Even if these health care providers’ efforts to target symptomatic women were successful, several oncologists agreed that their initiatives could not truly qualify as screening. Screening by definition must entail the investigation of both symptomatic and asymptomatic individuals. Yet, according to one physician, in a country as large as India, the scaling up of Pap smears to cover the entire population may be financially infeasible.

Indian vinegar test for cervical cancer could save women worldwide (Flickr Creative Commons Image).

These limitations seem to suggest that comprehensive and consistent cervical cancer prevention efforts in Andhra Pradesh are simply futile. However, recent research may provide alternative solutions. Several studies have compared the effectiveness of Pap smears with those of the recently innovated visual inspection with acetic acid (VIA) method and HPV DNA test in communities in Andhra Pradesh (and other LMICs). HPV DNA tests in particular may not only be more sensitive and specific than Pap smears, but also may reduce reliance on infrastructure and specialists. Therefore, such methods as self-collected HPV DNA tests may prove most suitable to regions such as Andhra Pradesh, which have inconsistent health infrastructure and a population reluctant to seek invasive tests at clinics due to cultural taboos.

Research currently under way is investigating the cost-effectiveness of these cervical cancer screening methods, to determine which are most scalable in resource-limited settings. The vast infrastructural, social, cultural, and economic barriers to access seem daunting, but multidisciplinary research may minimize some of these challenges and thereby improve health care delivery. The collaboration of researchers across such disciplines as biomedical sciences and health economics may facilitate the development of novel disease control methods while we also tackle the long term and fundamental health systems challenges that preclude consistent access to services across the cancer care and control continuum.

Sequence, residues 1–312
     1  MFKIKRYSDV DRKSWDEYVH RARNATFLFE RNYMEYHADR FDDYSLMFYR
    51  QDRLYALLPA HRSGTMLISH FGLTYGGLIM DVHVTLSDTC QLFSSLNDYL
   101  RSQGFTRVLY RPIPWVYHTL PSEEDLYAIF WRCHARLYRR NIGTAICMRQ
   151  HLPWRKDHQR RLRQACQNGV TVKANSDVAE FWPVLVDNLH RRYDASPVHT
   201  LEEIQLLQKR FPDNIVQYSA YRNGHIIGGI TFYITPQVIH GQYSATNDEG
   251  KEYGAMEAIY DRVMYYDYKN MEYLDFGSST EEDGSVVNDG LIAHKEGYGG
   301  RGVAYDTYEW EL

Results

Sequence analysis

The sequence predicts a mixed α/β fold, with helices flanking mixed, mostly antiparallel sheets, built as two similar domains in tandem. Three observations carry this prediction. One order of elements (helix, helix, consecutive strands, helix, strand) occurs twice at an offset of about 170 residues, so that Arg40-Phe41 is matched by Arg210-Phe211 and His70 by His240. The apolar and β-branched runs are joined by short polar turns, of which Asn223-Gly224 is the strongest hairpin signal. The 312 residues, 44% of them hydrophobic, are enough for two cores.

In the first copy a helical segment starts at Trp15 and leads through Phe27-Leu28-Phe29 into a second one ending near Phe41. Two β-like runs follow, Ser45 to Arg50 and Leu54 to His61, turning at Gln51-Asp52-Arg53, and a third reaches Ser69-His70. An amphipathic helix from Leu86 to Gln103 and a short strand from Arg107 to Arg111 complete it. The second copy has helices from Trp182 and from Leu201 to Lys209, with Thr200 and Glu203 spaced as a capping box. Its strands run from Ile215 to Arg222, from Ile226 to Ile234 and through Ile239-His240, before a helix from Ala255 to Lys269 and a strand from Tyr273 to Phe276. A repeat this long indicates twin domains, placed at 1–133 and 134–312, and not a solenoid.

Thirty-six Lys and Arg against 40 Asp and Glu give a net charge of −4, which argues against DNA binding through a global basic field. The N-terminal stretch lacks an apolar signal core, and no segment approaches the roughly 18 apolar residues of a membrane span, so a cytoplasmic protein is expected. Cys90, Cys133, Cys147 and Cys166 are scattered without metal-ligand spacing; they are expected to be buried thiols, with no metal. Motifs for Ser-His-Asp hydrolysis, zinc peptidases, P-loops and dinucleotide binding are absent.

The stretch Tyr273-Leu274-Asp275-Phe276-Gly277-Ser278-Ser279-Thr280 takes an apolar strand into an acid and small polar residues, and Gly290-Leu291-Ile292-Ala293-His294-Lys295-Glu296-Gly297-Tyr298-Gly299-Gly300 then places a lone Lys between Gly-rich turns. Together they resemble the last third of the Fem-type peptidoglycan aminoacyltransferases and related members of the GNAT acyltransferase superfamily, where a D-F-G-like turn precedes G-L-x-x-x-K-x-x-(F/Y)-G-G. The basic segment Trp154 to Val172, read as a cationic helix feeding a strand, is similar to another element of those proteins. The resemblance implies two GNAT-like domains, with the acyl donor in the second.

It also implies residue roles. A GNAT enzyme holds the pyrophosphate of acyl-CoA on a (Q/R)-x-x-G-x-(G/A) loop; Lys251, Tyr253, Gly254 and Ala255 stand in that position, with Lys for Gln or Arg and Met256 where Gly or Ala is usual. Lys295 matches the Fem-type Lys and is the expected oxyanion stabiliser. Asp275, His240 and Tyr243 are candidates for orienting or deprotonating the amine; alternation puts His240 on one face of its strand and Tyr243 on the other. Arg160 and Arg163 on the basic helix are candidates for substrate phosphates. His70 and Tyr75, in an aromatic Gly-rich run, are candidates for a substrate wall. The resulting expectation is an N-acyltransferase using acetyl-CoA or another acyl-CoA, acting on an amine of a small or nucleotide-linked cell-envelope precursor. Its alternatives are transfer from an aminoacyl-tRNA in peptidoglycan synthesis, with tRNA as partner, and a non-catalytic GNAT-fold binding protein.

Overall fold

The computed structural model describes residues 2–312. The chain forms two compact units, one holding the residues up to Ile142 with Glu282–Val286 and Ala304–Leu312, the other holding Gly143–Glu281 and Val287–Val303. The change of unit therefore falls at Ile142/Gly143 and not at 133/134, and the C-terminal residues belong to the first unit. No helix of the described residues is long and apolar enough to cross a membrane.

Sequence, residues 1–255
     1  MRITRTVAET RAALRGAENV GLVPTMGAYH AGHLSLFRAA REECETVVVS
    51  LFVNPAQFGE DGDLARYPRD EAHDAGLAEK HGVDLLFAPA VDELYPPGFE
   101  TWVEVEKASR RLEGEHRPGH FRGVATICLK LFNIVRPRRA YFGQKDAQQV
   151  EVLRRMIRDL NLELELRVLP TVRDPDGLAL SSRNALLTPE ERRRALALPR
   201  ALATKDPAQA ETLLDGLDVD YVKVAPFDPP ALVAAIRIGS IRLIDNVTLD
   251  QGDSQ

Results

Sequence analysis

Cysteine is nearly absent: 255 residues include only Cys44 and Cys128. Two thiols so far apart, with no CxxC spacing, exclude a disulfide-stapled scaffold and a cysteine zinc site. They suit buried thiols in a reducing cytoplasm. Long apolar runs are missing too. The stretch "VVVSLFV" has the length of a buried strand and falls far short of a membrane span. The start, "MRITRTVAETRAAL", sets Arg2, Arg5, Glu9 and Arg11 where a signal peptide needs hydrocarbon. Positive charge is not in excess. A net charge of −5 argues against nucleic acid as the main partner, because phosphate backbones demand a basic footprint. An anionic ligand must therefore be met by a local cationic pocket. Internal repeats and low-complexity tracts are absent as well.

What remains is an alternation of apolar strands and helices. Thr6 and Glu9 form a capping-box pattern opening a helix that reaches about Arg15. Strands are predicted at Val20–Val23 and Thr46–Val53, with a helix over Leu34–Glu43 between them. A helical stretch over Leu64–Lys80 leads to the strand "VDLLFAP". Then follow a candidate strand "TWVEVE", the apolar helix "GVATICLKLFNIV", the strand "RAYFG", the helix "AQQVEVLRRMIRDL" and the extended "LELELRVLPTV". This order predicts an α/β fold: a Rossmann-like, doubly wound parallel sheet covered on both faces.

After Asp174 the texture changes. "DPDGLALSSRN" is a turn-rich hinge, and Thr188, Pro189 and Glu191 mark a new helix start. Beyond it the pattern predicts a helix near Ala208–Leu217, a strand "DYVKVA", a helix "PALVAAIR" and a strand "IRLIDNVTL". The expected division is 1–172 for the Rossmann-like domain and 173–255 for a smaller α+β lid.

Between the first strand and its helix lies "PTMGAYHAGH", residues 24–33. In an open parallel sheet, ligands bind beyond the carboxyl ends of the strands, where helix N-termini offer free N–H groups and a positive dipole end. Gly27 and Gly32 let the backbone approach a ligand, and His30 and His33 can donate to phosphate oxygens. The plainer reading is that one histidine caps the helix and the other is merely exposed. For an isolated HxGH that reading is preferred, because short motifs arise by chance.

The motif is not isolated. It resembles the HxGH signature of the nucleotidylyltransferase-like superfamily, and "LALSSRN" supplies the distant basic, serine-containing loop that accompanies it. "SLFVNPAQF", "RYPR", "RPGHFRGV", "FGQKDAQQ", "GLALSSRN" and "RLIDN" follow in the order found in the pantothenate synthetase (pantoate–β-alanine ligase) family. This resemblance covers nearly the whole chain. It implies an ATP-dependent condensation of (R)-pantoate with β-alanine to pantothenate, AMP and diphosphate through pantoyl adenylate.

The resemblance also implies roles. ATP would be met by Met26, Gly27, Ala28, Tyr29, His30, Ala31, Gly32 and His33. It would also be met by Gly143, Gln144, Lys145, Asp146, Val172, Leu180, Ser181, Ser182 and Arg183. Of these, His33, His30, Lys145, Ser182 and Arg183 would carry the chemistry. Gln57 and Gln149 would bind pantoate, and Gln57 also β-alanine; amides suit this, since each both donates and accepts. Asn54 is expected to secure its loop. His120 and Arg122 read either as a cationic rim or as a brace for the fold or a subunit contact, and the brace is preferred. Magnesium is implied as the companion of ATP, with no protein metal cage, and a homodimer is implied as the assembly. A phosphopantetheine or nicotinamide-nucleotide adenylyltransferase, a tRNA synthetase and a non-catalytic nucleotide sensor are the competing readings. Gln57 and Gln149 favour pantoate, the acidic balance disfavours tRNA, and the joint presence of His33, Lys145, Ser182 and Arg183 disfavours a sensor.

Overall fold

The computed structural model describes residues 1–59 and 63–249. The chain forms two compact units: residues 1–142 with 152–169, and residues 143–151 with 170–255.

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Pooja Yerramilli is a Yale graduate and MSc. candidate at the London School of Hygiene and Tropical Medicine and the London School of Economics. She has been involved in cancer advocacy efforts for several years, and was an active participant in policy discussions regarding smoking behaviors and insurance coverage of smoking cessation treatments at Yale. She recently worked with the Indian Institute of Public Health to complete a research project on the Financing of Cancer Care and Control in India.

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Cancer Prevention Strategies: The Need for Multidisciplinary Research by Translational Global Health, unless otherwise expressly stated, is licensed under a Creative Commons Attribution 3.0 Unported License.